MOORE: The whole idea of when you recognize the problems that exist where you live is to fix them, to jump right in there. That's the most patriotic thing you can do is point out the things that need fixing, and then get to work fixing them. Only cowards would cut and run. So I don't know this individual, or why they would imply such a thing. But that's kind of a crazy thing to say.

KING: It's the American thing to do is to stand up and speak out.

MOORE: Yes. That's what's so great about us.

KING: That's what makes America separate from other places. Besides being a favorite target for Republican politicians, you're being parodied in a new movie "An American Carroll." It's about a film maker who's out to abolish the Fourth of July. Here's a preview.


UNIDENTIFIED MALE: You said I was the hero of the true peace maker.

UNIDENTIFIED MALE: You can't be here. You're dead.

UNIDENTIFIED MALE: Listen to me. You must redeem yourself.

UNIDENTIFIED MALE: How did you do that?

UNIDENTIFIED MALE: This is the greatest country in the history of the world the world, and you have slandered it all over the globe.

UNIDENTIFIED MALE: I were just trying to be like you. You wouldn't have gone to Vietnam.

UNIDENTIFIED MALE: Who told you that?

UNIDENTIFIED MALE: Oliver Stone. It was in his movie.

UNIDENTIFIED MALE: Oh brother. Did you ever read my inaugural address?

UNIDENTIFIED MALE: Of course. "Ask not what you country can do for you, ask what you --


MOORE: I think I've heard of this. But I heard that -- I heard that Vigo Mortonson (ph) was supposed to be playing me, so this is an outrage, whoever that guy is. I mean, maybe I got the wrong movie. I heard Vigo was supposed to play me in some movie. I don't know what to say about it. I hope it's funny. It better be funny. If it's not funny, it won't be very good then.

KING: No, it won't. We have a King Cam question for Michael Moore. Let's go to it.

(BEGIN VIDEO CLIP) UNIDENTIFIED MALE: Michael, why do you think young Americans are so non-concerned with the mounting budget deficits and the fact that our children and ourselves are going to have to pay all this debt and all the health care for the veterans coming back from Iraq? And why aren't we more motivated to vote and move on those issues like balancing our budget and protecting our veterans?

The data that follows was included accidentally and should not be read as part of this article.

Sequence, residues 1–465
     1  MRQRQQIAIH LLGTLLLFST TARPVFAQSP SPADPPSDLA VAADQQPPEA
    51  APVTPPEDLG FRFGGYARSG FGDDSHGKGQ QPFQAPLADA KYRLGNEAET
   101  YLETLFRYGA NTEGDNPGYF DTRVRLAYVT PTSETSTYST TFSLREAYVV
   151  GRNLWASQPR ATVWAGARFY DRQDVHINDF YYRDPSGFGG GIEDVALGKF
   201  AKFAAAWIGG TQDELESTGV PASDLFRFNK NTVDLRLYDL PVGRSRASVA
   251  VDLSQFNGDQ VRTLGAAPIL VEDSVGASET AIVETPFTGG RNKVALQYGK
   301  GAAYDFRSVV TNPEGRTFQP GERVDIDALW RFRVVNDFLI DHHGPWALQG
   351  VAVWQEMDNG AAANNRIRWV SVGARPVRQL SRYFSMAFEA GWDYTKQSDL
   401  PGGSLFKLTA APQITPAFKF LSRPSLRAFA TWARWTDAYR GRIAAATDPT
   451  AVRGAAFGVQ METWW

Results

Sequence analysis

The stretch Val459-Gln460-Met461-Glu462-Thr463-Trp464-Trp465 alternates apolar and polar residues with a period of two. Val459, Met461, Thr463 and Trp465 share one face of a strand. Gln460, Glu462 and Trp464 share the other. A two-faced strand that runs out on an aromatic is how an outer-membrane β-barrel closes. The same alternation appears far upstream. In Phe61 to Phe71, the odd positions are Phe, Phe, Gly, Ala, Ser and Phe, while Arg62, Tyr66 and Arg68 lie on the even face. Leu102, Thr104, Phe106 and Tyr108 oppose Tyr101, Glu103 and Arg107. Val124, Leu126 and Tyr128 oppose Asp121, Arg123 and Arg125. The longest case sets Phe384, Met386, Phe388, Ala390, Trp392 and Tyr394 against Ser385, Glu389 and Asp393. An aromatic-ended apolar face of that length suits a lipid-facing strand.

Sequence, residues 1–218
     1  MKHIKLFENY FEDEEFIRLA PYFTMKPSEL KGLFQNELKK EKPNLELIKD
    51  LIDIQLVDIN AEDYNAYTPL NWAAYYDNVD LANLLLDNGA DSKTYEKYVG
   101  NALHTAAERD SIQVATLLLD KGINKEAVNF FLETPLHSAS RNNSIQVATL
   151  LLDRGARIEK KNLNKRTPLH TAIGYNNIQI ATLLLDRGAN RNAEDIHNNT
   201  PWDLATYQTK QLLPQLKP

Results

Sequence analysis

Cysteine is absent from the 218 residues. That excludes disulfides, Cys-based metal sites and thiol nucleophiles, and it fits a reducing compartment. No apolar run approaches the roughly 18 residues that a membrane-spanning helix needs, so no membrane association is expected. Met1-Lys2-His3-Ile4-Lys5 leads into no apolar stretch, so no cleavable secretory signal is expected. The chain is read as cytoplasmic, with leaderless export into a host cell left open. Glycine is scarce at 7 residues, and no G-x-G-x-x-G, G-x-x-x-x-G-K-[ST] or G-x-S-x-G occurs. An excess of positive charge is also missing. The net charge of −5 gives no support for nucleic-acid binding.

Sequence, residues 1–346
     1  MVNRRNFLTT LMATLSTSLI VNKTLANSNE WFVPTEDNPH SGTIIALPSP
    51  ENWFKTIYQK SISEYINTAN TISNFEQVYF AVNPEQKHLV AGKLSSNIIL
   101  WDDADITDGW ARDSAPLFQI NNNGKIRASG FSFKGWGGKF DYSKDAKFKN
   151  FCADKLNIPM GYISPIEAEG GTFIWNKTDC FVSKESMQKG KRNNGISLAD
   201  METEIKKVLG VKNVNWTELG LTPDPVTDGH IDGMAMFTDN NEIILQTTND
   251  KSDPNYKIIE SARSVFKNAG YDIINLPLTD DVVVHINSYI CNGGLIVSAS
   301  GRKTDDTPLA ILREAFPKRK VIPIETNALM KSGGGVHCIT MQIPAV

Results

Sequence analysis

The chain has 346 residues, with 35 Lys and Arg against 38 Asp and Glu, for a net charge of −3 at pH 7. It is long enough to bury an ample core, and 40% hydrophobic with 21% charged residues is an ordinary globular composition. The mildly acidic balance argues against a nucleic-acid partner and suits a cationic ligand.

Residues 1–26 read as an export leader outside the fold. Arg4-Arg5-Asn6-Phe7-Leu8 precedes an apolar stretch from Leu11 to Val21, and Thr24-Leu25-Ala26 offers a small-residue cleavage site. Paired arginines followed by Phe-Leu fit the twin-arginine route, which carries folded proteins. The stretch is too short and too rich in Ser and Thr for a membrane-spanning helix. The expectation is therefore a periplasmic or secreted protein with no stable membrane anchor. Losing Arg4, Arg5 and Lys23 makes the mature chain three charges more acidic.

MOORE: It's a good question. First of all, I think when you're young, you're not thinking about what life is going to be like at 50 years old. Otherwise, you wouldn't get so many tattoos and piercings, because you don't really imagine yourself as a grand parent with a lot of tattoos. Just look at your own grand parents and ask yourself if you would want that many piercings on them.

Other than that -- grandma, where did you get all those piercings? And now I'm going to get all the tattoo people writing me letters. I love tattoos and piercings. But I think this is a great question, because we're spending right now, Larry, 350 million dollars a day on the war in Iraq, 350 million dollars a day. That doesn't count what this Harvard Nobel Laureate economist just issued this study of what the real cost is going to be to pay for the debt, to pay for the soldiers coming back, all the V.A. expenses in the coming years. It could be another 350 million dollars.

This is a tax that has been put upon the young people that they're going to pay for the rest of their lives. If I were a young person, I would be very upset about this, because we've essentially stolen a big part of your future from you, because you're going to be working to pay off the mistakes of your parents and your grandparent's generation. That's really sad. And I hope young people just turn out in droves for Obama on November 4th.

They better get registered to vote, though. They got to register by around October 4th, 5th, or 6th or they won't be able to vote.

KING: We'll be back with our remaining moments with Michael Moore right after this.